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Thursday, January 19, 2012

MMM Movies: Warhorse

by Saint Mark (bio)

"If there is anything virtuous, lovely, or of good report or praiseworthy, we seek after these things." - Joseph Smith (13th Article of Faith). I believe this includes movies. - Saint Mark

So there I was. Date night with the Misses. Dinner at Outback (because we received an awesome gift card from brother and sister-in-law. Two gift cards, actually. They didn't communicate very well on that one. But I digress.) Dinner at Outback but which movie to see? I was leaning toward Sherlock Holmes II but my wife said some critic bemoaned it as the only film not to see this holiday season. She wanted a chick flick, but my estrogen level wasn't high enough to compel me to sit for nearly two hours and suffer the ignominy of the men-are-stupid-but-we-women-put-up-with-them-for-who-knows-why? trope. So, what to do?

Out of nowhere arrives Warhorse. He swoops us up and rides off into the theatrical sunset. No, this isn't what really happened. This is the film version. What actually happened was that I begrudgingly agreed to watch a movie about a horse and was pleasantly surprised.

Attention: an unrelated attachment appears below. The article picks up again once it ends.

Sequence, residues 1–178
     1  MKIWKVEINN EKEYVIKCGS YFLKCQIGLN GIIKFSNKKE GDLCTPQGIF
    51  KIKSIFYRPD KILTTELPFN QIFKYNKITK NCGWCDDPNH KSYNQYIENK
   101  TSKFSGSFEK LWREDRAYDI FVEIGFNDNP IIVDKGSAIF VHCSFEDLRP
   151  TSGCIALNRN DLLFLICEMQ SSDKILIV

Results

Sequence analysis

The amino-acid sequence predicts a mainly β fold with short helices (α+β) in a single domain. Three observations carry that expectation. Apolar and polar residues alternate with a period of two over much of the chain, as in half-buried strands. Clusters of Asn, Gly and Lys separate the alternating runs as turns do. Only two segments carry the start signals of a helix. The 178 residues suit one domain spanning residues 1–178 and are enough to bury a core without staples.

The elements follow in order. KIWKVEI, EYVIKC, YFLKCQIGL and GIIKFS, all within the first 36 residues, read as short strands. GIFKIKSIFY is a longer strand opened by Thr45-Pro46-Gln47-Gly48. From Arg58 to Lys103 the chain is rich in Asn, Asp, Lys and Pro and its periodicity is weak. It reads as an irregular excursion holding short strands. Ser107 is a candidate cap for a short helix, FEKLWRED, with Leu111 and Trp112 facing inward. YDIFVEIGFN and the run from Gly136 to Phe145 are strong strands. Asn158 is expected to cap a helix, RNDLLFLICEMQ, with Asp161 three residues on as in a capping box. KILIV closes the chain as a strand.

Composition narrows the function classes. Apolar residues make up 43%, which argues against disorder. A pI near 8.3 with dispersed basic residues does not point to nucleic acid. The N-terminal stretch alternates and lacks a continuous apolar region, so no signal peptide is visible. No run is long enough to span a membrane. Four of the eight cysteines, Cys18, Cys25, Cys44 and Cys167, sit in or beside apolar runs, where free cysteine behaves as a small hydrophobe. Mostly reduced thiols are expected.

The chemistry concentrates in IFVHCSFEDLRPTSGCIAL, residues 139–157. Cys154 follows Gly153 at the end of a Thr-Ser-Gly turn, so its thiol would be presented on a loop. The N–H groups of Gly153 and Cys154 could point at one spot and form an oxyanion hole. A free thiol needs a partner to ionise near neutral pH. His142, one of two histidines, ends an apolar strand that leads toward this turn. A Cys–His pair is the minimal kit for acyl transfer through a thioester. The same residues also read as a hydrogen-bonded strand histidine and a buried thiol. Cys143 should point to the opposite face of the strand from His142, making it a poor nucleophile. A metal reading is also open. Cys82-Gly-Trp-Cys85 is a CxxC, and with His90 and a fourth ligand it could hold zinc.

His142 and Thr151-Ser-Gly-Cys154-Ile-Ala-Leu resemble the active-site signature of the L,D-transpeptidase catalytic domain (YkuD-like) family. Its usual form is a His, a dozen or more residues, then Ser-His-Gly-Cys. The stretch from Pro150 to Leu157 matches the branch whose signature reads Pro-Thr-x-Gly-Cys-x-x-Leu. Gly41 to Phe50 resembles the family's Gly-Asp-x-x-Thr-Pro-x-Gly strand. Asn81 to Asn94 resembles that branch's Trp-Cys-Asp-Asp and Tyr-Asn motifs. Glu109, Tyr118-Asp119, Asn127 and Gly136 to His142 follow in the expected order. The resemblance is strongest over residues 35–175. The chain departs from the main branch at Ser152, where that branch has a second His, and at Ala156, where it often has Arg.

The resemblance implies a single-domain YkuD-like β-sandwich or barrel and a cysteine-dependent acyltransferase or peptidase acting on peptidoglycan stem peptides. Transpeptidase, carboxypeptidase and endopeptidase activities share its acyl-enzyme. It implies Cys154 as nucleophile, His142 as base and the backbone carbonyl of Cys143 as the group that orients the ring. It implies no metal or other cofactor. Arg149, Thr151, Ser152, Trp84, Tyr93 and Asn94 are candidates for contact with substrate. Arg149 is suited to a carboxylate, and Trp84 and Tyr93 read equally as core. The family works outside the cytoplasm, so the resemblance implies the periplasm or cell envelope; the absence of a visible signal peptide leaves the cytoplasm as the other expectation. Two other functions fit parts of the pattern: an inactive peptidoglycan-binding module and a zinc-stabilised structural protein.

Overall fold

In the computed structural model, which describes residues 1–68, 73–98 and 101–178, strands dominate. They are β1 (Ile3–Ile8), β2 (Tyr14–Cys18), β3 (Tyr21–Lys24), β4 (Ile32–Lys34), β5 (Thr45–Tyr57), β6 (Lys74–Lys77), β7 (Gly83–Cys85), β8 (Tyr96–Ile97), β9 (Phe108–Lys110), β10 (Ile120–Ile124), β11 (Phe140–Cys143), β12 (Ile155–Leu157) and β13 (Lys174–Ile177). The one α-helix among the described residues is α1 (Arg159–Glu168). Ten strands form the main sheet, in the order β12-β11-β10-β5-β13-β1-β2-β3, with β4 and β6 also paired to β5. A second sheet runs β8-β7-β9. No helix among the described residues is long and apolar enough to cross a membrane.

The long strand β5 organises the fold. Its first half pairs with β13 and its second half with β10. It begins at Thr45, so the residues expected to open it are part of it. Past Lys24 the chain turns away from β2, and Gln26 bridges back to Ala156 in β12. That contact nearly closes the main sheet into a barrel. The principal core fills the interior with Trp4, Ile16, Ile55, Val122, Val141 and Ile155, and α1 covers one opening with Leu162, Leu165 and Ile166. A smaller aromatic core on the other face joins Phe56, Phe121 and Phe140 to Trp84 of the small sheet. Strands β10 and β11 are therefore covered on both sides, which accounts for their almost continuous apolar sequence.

Don't get me wrong, equestrianphiles. I like horses. I used to have a few growing up. One was named Seabiscuit and it bucked me off into a pile of tatertots I later learned were not tatertots. Furthermore, as a health care assistant at a treatment center, I rode ponies with the young women and enjoyed the peace that comes with the rhythmic gallop of open Western spaces and miles of sagebrush. But, I am not necessarily drawn to movies about horses. What's there to watch? They eat. They gallop. They watch you with that sheep eye. They are nothing like that cool canine-like horse in Tangled, and why? Because Maximus in Tangled is actually a big, white dog! But I digress.

Warhorse was actually a pure and powerful film. The ma, as the Japanese say, or the space that Spielberg expertly utilizes to capture the emotion of the scene, pulled me in and I got that there would be a life-long connection between the boy and his horse. Although the movie seemed forced at times and you could tell that the actors were acting and not being the parts, the epic arc of the story with the backdrop of World War I (seriously lacking representation in the canon of film, I feel) was sweeping and dramatic and wonderful for anyone who goes to the movies to see another world, another time, another experience. Finally, when the Gone With the Wind closing scene ended, I was shocked to find tears on my cheeks. My wife was right. I was wrong. Warhorse truly was a great date night choice.

Has anyone else seen Warhorse? What did you think? Why haven't you seen it yet? Do you feel the same way about horse movies as I did?

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